Debate must remain public

July 17, 2008

Geoffrey Alderman throws down a gauntlet to the chief executive of the Quality Assurance Agency over the external examiner system (Letters, 10 July).

The QAA has had a procedure for "handling causes for concern" since 1 March 2007. Perhaps Alderman should use that, first obtaining the permission of those who have supplied his "evidence". There is legislation protecting those who make public interest disclosures and setting out the way in which it should be done. Have the sources laid their evidence before the managers of their institutions? The Higher Education Funding Council for England would be the appropriate authority to which they might make further disclosure on points falling within Hefce's remit. The funding council has a public interest disclosure protocol.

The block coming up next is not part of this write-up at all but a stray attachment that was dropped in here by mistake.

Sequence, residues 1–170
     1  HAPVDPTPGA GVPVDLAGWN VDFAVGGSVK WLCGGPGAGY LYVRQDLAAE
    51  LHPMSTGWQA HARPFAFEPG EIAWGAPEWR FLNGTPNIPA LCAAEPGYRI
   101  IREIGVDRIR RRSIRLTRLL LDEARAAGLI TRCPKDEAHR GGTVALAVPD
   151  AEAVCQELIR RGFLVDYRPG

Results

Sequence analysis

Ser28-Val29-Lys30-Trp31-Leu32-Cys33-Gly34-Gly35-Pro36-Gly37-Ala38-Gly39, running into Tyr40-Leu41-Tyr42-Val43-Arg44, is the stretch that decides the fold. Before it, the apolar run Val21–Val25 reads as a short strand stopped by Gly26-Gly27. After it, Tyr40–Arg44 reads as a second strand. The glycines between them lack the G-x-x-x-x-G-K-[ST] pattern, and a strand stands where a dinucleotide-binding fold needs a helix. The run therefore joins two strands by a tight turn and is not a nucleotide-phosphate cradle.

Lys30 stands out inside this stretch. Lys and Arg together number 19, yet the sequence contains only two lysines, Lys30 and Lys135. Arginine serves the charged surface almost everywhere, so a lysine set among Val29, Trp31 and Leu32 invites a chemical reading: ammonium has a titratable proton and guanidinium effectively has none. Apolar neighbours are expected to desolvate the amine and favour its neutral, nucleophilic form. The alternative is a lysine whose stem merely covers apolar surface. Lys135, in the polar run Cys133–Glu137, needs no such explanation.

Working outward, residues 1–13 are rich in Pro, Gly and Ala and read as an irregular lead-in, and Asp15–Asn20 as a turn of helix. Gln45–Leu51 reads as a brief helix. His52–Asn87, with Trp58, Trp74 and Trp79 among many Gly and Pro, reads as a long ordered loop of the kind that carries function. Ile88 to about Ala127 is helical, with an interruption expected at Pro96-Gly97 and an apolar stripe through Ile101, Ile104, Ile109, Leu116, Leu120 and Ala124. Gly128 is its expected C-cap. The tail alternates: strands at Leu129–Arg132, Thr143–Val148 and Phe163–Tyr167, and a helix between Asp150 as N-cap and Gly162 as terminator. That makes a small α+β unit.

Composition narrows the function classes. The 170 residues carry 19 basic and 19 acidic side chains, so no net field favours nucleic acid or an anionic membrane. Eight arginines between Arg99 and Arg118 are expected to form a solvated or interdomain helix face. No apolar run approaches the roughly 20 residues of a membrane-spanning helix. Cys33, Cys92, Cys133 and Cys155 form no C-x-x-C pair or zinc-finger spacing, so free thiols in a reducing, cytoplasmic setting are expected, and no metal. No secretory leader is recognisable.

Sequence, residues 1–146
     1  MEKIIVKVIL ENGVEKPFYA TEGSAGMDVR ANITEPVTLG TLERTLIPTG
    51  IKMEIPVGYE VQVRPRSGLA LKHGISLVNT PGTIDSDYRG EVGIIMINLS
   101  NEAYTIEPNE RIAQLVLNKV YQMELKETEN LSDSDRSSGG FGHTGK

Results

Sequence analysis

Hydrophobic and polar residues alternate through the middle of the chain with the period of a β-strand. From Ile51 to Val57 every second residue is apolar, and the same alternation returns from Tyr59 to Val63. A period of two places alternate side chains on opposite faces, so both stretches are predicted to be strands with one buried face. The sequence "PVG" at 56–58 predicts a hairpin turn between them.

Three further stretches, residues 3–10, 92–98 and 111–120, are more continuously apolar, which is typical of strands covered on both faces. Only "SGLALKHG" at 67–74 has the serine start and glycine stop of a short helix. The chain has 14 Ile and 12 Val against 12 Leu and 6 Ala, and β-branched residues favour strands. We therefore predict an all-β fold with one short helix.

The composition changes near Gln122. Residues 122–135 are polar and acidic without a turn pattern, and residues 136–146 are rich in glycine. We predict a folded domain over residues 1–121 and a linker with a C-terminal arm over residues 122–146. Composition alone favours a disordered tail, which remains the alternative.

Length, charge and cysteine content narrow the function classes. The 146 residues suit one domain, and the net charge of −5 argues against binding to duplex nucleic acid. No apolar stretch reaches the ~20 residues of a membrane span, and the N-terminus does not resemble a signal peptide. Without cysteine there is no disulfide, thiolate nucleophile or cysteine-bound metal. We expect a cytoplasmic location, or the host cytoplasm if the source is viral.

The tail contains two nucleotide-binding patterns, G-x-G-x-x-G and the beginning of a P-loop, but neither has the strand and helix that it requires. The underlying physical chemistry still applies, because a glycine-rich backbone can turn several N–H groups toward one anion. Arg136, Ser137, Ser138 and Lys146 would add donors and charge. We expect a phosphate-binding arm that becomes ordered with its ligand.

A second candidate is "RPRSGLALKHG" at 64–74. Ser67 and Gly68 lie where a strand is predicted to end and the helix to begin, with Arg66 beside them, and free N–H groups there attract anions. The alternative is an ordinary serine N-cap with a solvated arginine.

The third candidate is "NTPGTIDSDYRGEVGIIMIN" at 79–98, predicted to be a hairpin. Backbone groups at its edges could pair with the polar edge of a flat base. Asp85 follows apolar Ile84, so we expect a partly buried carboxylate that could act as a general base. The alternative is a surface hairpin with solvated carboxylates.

It is essential that this debate be conducted with the impartiality, transparency and accountability that these procedures seek to ensure. Public calls for private meetings cannot be proper. Too much is at stake.

G. R. Evans, Project leader, Improving Dispute Resolution Project.

You've reached your article limit.

Register to continue

Registration is free and only takes a moment. Once registered you can read a total of 3 articles each month, plus:

  • Sign up for the editor's highlights
  • Receive World University Rankings news first
  • Get job alerts, shortlist jobs and save job searches
  • Participate in reader discussions and post comments
Register

Have your say

Log in or register to post comments